To my surprise, my fourth book came to me. Three characters showed up, settled in, let me get to know them. I didn’t write them down, I just witnessed them. The story began to unfold. The setting bloomed. It was like standing barefoot on the beach and feeling the tide come in. When I got home, I started to write. And it was fun.

So this is my new mantra: I will be a better writer. And I will be a better writer by not writing at all for at least part of every year.

Have you ever taken a break from your writing?  (Or wanted to but just couldn’t?) What did you do while you didn’t write? What happened after the break? 

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About Kathleen McCleary

Kathleen McCleary is the author of three novels—House and Home, A Simple Thing, and Leaving Haven—and has worked as a bookseller, bartender, and barista (all great jobs for gathering material for fiction). A Simple Thing (HarperCollins 2012) was nominated for the Library of Virginia Literary Awards. She was a journalist for many years before turning to fiction, and her work has appeared in The New York Times, The Washington Post, Good Housekeeping, Ladies Home Journal, and USA Weekend, as well as HGTV.com, where she was a regular columnist. She taught writing as an adjunct professor at American University in Washington, D.C., and teaches creative writing to kids ages 8-18 as an instructor with Writopia Labs, a non-profit. She also offers college essay coaching (http://thenobleapp.com), because she believes that life is stressful enough and telling stories of any kind should be exciting and fun. When she's not writing or coaching writing, she looks for any excuse to get out into the woods or mountains or onto a lake. She lives in northern Virginia with her husband and two daughters and Jinx the cat.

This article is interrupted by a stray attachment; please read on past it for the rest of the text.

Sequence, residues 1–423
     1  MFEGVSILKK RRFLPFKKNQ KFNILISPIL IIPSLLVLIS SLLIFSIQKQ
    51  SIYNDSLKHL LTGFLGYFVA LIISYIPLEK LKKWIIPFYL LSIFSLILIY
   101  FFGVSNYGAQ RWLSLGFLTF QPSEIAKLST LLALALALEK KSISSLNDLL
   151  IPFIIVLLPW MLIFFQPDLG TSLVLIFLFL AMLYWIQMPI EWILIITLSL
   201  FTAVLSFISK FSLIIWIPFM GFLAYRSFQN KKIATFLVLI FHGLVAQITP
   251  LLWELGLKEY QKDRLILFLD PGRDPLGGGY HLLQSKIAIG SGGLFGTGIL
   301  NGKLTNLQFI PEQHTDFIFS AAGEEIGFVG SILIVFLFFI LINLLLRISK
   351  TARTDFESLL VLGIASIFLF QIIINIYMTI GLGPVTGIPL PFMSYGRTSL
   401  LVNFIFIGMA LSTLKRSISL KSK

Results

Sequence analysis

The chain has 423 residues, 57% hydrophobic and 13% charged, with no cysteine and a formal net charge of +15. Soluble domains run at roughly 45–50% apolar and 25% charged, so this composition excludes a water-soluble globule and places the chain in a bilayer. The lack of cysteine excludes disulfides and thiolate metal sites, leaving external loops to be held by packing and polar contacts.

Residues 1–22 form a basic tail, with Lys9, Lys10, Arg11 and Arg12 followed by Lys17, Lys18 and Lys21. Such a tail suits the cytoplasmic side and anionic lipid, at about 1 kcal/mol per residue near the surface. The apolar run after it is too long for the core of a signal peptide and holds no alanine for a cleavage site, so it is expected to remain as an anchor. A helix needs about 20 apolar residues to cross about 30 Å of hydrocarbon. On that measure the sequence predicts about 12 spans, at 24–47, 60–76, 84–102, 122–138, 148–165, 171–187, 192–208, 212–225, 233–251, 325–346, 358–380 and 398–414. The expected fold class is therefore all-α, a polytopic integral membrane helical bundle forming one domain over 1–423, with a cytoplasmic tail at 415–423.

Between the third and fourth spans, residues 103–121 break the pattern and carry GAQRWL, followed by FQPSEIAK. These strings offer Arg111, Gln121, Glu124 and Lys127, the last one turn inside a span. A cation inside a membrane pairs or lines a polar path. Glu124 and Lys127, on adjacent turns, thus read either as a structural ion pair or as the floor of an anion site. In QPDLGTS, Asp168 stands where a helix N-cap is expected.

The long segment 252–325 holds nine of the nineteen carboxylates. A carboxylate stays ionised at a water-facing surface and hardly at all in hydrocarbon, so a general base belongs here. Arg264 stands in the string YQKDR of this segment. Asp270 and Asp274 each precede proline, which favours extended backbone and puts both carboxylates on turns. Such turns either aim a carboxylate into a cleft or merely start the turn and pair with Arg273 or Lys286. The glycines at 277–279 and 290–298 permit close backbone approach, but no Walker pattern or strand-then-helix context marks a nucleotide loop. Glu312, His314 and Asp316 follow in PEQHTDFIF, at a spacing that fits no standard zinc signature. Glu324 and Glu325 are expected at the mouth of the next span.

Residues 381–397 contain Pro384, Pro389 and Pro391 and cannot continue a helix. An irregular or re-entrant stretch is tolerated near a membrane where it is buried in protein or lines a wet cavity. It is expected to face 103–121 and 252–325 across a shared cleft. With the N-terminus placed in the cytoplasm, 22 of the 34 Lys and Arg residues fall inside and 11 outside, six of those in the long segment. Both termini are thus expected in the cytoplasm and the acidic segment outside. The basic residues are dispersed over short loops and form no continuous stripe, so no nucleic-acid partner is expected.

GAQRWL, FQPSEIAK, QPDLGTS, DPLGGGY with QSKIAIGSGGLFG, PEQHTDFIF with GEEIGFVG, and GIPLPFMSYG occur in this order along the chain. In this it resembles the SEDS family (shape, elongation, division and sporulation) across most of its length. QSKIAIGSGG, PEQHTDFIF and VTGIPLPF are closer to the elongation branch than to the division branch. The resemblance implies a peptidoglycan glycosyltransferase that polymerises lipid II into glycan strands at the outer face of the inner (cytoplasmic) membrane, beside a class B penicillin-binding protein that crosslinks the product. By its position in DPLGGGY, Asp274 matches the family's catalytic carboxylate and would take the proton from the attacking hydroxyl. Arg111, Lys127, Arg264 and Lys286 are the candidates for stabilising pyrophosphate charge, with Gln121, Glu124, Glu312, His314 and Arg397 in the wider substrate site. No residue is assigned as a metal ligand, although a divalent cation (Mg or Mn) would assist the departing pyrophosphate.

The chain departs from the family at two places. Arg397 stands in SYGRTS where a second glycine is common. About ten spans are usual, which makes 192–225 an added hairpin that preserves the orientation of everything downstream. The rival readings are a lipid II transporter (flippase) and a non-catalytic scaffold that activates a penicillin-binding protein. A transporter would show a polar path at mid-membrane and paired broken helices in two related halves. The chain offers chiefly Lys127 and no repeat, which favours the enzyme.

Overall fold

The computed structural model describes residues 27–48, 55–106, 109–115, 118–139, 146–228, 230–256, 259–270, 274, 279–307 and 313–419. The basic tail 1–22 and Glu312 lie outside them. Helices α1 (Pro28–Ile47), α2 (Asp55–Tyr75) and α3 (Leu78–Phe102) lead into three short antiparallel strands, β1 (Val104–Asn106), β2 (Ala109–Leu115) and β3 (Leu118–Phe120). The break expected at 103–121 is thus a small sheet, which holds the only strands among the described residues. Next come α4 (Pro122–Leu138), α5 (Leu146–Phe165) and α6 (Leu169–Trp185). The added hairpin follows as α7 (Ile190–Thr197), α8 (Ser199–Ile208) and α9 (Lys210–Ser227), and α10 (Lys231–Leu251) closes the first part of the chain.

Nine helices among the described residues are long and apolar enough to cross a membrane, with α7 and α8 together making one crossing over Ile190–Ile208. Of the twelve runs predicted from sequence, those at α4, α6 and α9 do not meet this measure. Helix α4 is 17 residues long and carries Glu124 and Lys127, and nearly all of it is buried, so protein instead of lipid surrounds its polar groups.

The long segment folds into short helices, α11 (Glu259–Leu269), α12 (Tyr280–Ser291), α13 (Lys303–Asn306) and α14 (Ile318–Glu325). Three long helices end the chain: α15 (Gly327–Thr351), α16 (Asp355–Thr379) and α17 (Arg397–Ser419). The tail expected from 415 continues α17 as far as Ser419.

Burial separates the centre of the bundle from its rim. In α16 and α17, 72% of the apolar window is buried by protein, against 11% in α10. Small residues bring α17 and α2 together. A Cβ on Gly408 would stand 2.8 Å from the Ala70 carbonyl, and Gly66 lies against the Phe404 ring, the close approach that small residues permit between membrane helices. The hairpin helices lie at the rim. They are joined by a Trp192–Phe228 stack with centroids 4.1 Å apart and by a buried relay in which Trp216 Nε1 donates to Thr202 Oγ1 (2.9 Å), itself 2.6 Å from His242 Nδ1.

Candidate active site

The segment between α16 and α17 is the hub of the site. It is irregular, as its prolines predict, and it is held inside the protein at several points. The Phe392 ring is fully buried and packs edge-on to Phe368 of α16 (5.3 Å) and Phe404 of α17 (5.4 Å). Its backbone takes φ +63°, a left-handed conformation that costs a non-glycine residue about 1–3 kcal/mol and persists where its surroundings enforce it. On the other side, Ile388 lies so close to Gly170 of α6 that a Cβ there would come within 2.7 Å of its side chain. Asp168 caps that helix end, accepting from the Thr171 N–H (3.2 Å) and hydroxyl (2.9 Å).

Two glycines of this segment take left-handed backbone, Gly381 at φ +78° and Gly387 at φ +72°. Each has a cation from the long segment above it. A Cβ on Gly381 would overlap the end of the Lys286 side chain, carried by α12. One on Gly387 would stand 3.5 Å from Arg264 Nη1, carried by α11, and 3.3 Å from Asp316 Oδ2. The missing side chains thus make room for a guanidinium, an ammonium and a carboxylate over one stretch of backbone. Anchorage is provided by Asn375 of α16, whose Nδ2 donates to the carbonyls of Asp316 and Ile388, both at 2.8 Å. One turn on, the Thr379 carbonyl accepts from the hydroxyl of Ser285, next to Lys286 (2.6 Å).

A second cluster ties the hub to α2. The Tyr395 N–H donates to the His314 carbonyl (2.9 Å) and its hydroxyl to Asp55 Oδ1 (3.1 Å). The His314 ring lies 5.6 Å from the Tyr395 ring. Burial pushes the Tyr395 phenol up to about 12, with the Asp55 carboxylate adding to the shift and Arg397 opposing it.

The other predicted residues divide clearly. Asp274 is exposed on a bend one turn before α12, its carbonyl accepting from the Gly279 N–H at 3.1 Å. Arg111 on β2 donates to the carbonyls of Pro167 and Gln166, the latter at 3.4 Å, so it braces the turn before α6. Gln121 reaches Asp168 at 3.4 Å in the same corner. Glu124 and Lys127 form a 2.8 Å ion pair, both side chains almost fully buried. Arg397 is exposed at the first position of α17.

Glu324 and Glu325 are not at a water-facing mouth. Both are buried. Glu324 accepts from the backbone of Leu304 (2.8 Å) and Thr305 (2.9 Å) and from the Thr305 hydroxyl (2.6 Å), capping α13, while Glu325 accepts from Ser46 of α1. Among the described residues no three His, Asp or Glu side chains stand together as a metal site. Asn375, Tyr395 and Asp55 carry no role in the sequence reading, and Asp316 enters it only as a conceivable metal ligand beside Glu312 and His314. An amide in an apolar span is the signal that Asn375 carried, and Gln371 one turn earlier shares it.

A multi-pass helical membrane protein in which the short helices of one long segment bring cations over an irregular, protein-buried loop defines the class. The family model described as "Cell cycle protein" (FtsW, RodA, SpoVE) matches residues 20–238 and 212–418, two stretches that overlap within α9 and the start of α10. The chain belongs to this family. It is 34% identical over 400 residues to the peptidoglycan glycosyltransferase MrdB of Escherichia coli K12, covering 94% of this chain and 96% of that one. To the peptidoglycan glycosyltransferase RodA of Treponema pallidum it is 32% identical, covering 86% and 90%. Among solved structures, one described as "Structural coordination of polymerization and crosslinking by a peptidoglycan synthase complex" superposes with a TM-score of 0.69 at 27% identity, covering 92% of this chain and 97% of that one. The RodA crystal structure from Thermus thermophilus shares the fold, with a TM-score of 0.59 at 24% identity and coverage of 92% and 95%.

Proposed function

Comments

  1. says

    I can understand that. And one of the advantages of self-publishing is that you don’t have agent or publisher breathing down your neck and bombarding with questions about what’s next. You can take time to be part of the ‘normal’ world and let the ideas flow naturally.

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    • says

      I would like to “like” this comment twice. Once because I choose to self publish and once because I breath down my own back hard enough. I don’t know what I would do if I had someone else breathing down my neck as well.

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    • says

      There’s a lot to be said for writing to your own schedule and your own deadlines. I think it’s extremely hard to do creative work on a deadline. Glad the column resonated for you.

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  2. says

    I love this post. I try a lot of the advice given but the best advice I ever received was “Try everything, keep what works.” I’ve gone a year or two without writing and that period always ends with an idea almost completely formed. I never call these periods of not writing ‘breaks’ because nothing is broken. Often, it’s that something is brewing. I give over completely to my unconscious mind and I’ve never been disappointed, more likely I am pleasantly surprised.

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  3. says

    I love how you describe your rhythm… butt in the chair, then out being in life. I think that as writers, we’re are always ‘on the job’, sifting information thru our filters. I can’t untwist a plot-knot while staring at the screen. I have to walk (okay, maybe I pace) by the river or in the woods. Someone else might need the white noise of Manhattan rush-hour traffic. But the stories are in us. In the most unexpected moments, everything stops and we hear them. I think the trick is to to cultivate the space for those moments to occur. Wonderful post!

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  4. says